In her 90 years, Mary Elizabeth Norckauer has barely sat still.
She’s been a professional ice skater, ballet dancer, champion archer and pistol shooter, baseball player, competitive runner and could soon be a Senior Olympics record holder.
Last month Norckauer competed in nine events in the Louisiana Senior Olympic Games and won nine gold medals. In six track and field events, she broke the standing American records, and her results are pending official approval.
“I like to keep moving. It’s a way of life,” Norckauer said after a two-hour workout at her local YMCA. “Fitness is a way of life. It’s not just something you go and decide to do and go to a fitness club once a week. It’s keeping in condition.”
At least three days a week, Norckauer works out at the A.C. Lewis YMCA in Baton Rouge. Petite with silver hair cut in a short, no-nonsense pixie style, she usually wears a warm-up suit and her running shoes. She’ll warm up in an aerobics class, then lift weights or work on specific sports — running, swimming, even throwing the javelin — depending on the yearlong schedule she’s developed.
She doesn’t compete merely for exercise. Norckauer loves the taste of victory.
“They’re always dangling a carrot,” Norckauer said. “I’ve always been tempted. If they give a medal or some kind of award, I’m there. I don’t care if it’s keeping my yard, keeping my house nice, training someone to do something. Do the best you can no matter what it is.”
Norckauer loves being active. She remembers as a young girl riding her bicycle at 6 a.m. to City Park to swim for hours.
“We called that fun, not training or competing,” she said.
She swam competitively and played softball at Baton Rouge High and went shooting on weekends in the country with her father.
That need for movement led Norckauer to study physical education at LSU. She earned a degree in 1945, then completed her master’s there in 1949 and taught at LSU for 35 years.
After finishing her first degree, Norckauer taught high school in Port Arthur, Texas, and started ice skating at a rink nearby. A few years later, her ice skating skills and years of ballet lessons helped her land a job with a touring company called Holiday on Ice, performing figure skating shows in arenas across the world. She won over the directors when they came to Baton Rouge for a show.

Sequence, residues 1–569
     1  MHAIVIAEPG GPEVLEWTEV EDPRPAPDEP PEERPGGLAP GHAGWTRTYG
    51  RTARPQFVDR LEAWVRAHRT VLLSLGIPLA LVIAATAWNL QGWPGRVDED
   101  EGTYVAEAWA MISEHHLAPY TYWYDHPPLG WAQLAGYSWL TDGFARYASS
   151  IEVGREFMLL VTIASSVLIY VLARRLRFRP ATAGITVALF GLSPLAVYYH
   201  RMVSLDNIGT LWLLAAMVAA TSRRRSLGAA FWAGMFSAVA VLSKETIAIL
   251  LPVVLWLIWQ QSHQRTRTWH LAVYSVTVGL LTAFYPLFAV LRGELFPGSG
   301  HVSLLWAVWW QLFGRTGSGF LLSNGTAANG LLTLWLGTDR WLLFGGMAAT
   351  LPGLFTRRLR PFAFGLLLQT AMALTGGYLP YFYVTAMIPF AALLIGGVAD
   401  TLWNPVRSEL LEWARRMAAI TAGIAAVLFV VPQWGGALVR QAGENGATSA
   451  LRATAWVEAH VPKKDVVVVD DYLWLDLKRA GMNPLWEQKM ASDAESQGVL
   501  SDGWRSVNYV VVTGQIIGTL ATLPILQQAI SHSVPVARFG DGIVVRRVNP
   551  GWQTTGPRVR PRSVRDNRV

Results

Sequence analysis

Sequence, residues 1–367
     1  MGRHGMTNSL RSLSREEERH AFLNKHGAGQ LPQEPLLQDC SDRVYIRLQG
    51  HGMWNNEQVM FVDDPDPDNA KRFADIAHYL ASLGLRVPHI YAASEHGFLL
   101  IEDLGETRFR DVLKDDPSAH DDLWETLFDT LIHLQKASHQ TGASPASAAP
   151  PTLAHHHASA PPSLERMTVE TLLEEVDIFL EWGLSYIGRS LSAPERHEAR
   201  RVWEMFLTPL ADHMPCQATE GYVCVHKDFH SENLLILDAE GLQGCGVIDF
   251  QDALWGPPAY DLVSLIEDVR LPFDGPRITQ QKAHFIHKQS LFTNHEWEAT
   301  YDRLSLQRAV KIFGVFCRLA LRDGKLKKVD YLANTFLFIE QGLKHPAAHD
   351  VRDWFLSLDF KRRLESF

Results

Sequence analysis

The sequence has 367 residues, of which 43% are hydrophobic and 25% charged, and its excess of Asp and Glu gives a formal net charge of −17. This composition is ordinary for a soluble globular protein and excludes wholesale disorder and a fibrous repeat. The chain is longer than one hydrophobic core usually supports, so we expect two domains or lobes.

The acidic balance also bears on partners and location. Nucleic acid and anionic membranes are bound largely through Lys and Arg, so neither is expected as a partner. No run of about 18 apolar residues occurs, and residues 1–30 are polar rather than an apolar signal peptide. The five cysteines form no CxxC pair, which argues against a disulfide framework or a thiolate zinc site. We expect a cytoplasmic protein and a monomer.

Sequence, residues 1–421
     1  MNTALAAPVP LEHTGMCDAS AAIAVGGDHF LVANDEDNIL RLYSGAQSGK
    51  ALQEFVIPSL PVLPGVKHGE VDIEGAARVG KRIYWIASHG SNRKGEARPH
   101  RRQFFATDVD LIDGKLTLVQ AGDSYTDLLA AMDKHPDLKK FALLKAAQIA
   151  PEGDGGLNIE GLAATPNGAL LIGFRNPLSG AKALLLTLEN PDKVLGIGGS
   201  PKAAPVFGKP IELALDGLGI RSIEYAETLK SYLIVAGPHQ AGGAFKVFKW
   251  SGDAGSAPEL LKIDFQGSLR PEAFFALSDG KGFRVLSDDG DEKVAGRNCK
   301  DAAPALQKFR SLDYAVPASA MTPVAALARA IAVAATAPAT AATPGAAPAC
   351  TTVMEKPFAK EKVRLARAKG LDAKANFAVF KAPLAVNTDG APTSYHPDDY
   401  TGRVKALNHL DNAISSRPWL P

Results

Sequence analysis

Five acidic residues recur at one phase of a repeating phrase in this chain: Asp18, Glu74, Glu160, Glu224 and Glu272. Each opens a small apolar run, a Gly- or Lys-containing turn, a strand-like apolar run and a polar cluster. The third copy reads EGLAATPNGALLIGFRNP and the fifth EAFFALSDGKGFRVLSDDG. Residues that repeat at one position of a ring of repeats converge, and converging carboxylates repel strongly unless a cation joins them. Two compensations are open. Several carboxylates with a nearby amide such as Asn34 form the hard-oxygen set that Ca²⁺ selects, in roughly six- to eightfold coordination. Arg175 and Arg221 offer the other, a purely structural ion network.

“It was just so glamorous,” Norckauer said.
She spent three years touring, then returned to LSU to teach. Then Holiday on Ice called with an offer to travel the world and coach the skaters.
While her colleagues thought she was crazy for leaving a university teaching position, Norckauer knew it was a unique opportunity. She spent seven more years with the company. “It was wonderful,” she said. “Every day I would think, they’re paying me for this? To see the world and do what I love to do?”
In the late 1950s, she returned to teach at LSU. In 1959 she formed LSU’s Ballet Corps, a dance team that was renamed the Golden Girls. While teaching dance, and swimming and coaching shooting sports, Norckauer did not stop competing. She was an elite shooter, competing at the national level in the 1960s and ’70s and joining the national team in 1974.
In her 60s she decided to try running. She could barely run a mile when she started, so she picked the brains of cross country runners in her classes at LSU and learned to train properly. She started dominating the masters running circuit, winning races across the country.
Then, in the mid-1980s, Norckauer learned she was eligible to compete in the Senior Olympic games and started working on track and field — throwing the javelin and hammer. She learned rowing and competed in swimming, cycling and triathlons. She also combined her running ability and her shooting prowess to excel in a form of the biathlon — running and target shooting.
“Never stop learning,” she said, reflecting on her philosophy. “There is always something new out there. Never stop learning. Never give up and keep going.”
After winning dozens of medals, Norckauer is still pushing herself to be the best of her age group, even if no one competes against her.
This year, when she turned 90, she knew she stood a good chance of breaking a few age group records. And she plans to compete at 95 and beyond.
“As long as I’m able,” she said. “Why stop? If you find something that works for you, just keep moving. In fact, I have goals to 100.”